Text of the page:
BEIJING – Two people believed to be North Korean asylum-seekers managed to enter the visa-application area of the Japanese Consulate in Shenyang, northeastern China, on Wednesday but were apprehended by trespassing Chinese authorities and dragged out.
The two were among a group of five asylum-seekers who tried to enter the compound. The other three were detained by Chinese authorities outside of the consulate gate.
Meanwhile, two other North Korean asylum-seekers successfully entered the nearby U.S. Consulate in the capital of Liaoning Province.
According to initial reports, officials at the Japanese Embassy in Beijing said two of the five entered the visa-application area at around 2 p.m. but were detained by armed Chinese police officers who had followed them into the visa-application area without permission. The report went on to say officers removed the two asylum-seekers without consulate staff noticing.
Later reports quoted embassy officials as saying that consulate general staff did notice the Chinese officers and asked them not to take the asylum-seekers but were ignored.
Kunio Takahashi, a minister at the embassy, visited the Chinese Foreign Ministry later in the day to protest the Chinese authorities’ violation of the extraterritorial status of the consulate general, as stipulated in the Vienna Convention.
Takahashi also demanded that the detained people be handed over to the Japanese Embassy.
A Chinese Foreign Ministry official who met Takahashi said the protest will be conveyed to a senior official. The official also said Chinese security authorities are confirming the identities of the detainees.
Prime Minister Junichiro Koizumi later instructed the Foreign Ministry to look into the incident in a careful and calm manner.
According to a statement issued by a Seoul-based support group for North Koreans, the group that rushed the Japanese consulate were relatives of former refugee Jang Gil-Su.
Last year, teenager Jang led his family into the office of the U.N. High Commissioner for Refugees in Beijing. They were eventually allowed to go to South Korea.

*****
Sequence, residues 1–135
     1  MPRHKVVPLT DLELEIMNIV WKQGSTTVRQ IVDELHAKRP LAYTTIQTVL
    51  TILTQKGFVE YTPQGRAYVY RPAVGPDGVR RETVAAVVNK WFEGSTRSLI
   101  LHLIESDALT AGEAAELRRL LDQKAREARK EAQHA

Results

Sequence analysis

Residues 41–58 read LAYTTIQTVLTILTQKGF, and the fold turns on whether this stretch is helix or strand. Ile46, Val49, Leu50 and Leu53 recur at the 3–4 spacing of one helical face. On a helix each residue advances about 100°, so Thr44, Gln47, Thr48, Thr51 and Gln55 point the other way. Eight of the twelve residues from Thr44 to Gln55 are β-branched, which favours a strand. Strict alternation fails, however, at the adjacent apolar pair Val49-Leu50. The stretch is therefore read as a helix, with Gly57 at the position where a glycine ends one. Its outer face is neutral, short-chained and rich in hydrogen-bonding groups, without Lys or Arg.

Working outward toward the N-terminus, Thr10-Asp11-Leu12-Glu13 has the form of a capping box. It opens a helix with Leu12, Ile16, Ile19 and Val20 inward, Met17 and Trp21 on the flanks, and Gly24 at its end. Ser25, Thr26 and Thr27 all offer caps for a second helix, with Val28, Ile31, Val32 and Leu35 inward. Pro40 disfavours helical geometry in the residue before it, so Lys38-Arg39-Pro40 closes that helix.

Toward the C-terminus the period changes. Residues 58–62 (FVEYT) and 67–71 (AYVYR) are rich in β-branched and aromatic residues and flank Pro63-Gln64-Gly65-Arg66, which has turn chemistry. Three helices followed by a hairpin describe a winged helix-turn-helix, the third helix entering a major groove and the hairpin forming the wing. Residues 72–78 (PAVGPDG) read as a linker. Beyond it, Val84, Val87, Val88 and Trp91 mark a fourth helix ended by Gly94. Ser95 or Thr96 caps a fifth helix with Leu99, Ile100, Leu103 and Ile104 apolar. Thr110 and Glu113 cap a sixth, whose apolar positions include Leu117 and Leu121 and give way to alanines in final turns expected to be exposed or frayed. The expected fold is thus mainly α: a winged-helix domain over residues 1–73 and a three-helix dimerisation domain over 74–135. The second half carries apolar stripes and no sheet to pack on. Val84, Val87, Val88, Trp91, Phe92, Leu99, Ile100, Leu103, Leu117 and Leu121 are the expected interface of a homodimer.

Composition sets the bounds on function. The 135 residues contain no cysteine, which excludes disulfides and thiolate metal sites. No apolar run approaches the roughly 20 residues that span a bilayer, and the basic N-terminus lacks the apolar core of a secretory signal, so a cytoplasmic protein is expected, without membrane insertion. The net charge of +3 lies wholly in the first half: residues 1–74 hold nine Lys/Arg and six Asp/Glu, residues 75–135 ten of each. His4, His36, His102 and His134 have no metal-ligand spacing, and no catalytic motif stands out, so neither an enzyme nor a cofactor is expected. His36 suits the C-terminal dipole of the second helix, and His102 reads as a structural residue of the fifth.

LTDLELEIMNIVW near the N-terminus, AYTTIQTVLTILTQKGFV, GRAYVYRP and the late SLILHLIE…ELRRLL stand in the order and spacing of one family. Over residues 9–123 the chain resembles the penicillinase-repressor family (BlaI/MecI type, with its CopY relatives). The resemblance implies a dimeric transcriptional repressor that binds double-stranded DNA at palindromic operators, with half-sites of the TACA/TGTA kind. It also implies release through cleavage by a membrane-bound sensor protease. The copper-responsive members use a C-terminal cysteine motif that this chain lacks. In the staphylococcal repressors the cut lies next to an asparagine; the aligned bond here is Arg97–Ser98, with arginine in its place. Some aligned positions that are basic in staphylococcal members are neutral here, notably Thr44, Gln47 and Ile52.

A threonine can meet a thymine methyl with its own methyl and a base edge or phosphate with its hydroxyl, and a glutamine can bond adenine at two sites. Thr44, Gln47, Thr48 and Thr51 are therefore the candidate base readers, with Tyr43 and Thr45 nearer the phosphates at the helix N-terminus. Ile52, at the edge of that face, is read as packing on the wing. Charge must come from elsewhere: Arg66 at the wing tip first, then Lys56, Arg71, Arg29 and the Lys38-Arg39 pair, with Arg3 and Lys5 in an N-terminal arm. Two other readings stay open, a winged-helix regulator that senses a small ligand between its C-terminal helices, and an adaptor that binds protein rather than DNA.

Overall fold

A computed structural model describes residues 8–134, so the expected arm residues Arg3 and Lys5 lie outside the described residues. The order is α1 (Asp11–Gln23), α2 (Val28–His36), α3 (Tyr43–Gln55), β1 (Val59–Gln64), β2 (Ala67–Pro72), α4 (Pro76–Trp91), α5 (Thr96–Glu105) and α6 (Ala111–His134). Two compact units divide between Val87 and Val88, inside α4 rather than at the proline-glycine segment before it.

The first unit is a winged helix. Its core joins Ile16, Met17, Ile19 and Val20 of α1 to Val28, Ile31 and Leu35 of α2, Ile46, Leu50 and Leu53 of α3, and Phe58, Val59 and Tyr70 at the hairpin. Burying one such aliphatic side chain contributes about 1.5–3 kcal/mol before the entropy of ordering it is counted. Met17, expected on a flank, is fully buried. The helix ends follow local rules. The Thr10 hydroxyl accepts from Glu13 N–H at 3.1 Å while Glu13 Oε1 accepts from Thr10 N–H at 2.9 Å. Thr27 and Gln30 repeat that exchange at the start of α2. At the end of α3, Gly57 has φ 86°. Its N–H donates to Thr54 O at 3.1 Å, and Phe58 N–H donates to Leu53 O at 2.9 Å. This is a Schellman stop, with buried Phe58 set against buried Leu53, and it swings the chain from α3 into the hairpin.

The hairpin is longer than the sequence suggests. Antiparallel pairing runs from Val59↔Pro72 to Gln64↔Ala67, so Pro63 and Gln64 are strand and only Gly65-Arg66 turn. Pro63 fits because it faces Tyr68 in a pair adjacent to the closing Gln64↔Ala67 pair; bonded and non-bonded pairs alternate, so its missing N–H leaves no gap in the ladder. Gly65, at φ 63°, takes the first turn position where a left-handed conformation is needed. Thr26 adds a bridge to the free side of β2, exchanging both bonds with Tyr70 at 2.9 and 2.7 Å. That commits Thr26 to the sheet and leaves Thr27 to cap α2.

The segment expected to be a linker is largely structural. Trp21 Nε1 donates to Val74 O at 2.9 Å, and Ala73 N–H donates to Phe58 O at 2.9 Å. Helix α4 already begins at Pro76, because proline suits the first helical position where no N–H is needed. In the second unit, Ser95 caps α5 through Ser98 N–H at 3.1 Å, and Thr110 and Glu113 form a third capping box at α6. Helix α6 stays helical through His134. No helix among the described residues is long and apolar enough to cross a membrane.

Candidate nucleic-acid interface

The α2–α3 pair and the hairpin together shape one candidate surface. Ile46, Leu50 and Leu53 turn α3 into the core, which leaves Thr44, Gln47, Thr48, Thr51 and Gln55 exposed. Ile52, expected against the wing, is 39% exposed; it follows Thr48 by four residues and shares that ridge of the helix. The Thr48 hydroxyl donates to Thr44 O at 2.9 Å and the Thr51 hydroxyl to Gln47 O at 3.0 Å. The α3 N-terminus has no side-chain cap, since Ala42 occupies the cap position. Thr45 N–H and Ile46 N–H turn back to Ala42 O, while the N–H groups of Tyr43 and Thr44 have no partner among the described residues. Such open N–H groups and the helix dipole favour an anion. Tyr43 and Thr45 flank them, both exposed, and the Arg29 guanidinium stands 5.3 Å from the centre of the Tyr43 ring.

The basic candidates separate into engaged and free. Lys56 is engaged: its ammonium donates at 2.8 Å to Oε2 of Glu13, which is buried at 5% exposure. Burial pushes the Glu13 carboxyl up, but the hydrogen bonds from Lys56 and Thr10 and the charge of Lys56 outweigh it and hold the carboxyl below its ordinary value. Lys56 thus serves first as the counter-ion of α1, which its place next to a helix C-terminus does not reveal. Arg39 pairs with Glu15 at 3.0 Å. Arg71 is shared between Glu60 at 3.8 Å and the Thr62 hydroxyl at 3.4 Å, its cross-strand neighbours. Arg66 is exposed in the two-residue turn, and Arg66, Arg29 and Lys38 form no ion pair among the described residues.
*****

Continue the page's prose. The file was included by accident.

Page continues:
The Seoul group said the North Koreans who attempted to enter the consulates Wednesday included a 2-year-old baby, the baby’s parents, uncle and grandmother as well as Jang’s grandfather.
Since Jang’s successful bid to win asylum last year, several groups of North Koreans have entered a number of embassies in Beijing to get to the South.
While a U.S. Embassy spokesman in Beijing confirmed only that two “intruders” had scaled the wall of the U.S. Consulate General in Shenyang without specifying their nationalities, witnesses reported seeing two people they knew to be North Koreans successfully enter the consular grounds.
The incidents mark the first known attempt by North Koreans to seek asylum at diplomatic establishments outside Beijing.
In March, 25 North Korean asylum seekers barged into the Spanish Embassy in Beijing and were later allowed to fly out of the country bound for South Korea.
Human rights activists who helped organize that successful asylum bid said they hoped a growing flood of North Koreans fleeing the country would lead eventually to the collapse of North Korea’s Stalinist regime.
Whether the North Koreans will be forcibly repatriated — the standard practice of Chinese authorities when they come across fleeing North Koreans — is uncertain.
Some of the countless North Koreans living in secrecy in northern China after crossing the porous border between the two countries have complained they would face torture or even execution if sent back.
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